Hike

Entering the Wonderland of Rocks
From the Keys West trailhead (34o2.44'N 116o11.17'W and elevation 4037ft) the flat and straight trail proceeds slightly east of north toward the rockpiles that stick out of the flat desert in the distance. Here the route is part of the Boy Scout Trail that proceeds around the west side of the Wonderland of Rocks to its destination at Indian Cove. But you are bound through the center of the Wonderland and so it is necessary to identify a trail fork (34o3.47'N 116o10.78'W) about 1.3mi from the trailhead where the Boy Scout Trail forks right. Take the left fork that is clearly headed for a flat gap between two major rockpiles. The heading soon turns east and the flat area you are traversing gradually narrows. Soon you reach an almost imperceptible crest and begin a gentle descent into a narrowing valley. Follow the dry watercourse that soon begins to snake back and forth between great blocks of buff-colored rock. Eventually as the rock formations on either side become higher and higher, the watercourse broadens into sandy flats and, about 3.3mi from the trailhead, you arrive at the verdant water pools of Willow Hole (34o4.13'N 116o9.10'W). This is a very pleasant place to stop and enjoy, a great place for lunch. Many drooping willow trees surround surprising large pools of mostly clear water containing an abundance of special life. Great rock cliffs surround you on all sides. Take time to enjoy this marvellous place before the challenges that lie ahead.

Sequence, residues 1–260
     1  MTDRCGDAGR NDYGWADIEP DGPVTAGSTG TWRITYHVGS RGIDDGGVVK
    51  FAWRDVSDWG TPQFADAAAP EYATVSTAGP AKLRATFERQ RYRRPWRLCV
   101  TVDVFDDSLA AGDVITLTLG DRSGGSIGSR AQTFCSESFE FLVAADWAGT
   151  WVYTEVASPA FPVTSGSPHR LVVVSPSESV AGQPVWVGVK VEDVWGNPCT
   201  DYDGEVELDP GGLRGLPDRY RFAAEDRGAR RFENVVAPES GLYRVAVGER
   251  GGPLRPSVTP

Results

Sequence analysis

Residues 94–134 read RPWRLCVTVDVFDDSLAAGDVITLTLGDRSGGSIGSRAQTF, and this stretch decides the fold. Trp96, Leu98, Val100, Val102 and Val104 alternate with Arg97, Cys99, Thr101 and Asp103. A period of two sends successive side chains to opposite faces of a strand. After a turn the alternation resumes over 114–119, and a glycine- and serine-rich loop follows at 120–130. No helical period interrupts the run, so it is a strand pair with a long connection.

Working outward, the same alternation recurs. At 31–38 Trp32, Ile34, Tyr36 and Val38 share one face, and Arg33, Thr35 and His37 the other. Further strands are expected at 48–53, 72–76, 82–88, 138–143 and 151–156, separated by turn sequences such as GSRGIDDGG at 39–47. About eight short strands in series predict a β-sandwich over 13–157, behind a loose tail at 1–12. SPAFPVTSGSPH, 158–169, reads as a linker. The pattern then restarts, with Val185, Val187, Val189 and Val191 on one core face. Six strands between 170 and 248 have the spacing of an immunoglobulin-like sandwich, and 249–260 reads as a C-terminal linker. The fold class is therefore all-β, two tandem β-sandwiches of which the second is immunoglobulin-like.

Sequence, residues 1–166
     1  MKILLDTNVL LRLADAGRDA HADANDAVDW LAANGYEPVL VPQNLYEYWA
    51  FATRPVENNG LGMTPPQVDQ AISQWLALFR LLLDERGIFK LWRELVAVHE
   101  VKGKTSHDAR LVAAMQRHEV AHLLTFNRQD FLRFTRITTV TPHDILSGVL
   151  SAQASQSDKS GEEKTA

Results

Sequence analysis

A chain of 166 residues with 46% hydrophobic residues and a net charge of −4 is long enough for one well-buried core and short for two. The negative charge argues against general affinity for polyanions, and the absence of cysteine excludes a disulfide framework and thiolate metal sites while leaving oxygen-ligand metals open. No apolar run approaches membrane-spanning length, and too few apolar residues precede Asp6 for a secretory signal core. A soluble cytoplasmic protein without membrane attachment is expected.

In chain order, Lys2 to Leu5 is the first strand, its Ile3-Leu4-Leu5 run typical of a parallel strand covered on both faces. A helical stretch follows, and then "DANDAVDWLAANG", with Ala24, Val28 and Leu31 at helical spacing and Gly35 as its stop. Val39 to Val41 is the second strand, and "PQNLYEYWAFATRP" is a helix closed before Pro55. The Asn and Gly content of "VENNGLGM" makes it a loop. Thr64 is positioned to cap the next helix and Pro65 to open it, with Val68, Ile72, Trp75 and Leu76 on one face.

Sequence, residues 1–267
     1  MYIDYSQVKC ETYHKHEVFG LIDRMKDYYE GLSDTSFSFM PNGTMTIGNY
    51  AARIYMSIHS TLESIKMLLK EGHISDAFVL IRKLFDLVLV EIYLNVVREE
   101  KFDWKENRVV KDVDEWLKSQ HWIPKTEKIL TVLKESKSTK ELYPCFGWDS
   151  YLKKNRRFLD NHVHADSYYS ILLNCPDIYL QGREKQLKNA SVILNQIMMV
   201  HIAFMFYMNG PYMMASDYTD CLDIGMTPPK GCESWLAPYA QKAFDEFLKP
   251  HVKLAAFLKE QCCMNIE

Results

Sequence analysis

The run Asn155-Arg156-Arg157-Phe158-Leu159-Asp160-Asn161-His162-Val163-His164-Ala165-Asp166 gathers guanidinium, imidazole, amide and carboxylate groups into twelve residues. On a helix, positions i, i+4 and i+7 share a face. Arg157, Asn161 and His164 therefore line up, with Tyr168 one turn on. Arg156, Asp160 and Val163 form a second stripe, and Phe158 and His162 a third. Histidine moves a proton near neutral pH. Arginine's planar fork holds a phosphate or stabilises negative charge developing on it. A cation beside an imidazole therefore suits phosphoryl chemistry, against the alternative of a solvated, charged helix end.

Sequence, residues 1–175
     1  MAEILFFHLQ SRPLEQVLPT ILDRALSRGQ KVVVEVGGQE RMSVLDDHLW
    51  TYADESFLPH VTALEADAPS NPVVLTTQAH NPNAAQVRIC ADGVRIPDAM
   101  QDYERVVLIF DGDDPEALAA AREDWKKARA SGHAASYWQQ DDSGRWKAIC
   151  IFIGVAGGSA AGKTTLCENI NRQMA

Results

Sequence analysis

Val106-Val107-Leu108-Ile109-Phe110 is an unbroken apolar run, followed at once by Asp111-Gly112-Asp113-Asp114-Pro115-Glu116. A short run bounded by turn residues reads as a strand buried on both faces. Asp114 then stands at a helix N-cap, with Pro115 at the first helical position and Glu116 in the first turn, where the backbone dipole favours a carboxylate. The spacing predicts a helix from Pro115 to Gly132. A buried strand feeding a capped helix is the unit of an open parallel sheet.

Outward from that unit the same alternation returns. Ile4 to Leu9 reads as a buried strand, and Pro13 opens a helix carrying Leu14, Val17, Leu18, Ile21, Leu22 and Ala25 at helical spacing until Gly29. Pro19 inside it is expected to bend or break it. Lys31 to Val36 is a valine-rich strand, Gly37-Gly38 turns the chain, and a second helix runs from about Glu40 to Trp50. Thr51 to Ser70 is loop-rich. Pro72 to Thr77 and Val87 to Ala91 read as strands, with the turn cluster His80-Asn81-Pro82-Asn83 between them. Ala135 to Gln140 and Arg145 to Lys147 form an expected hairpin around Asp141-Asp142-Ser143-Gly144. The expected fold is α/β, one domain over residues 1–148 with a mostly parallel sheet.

Willow Hole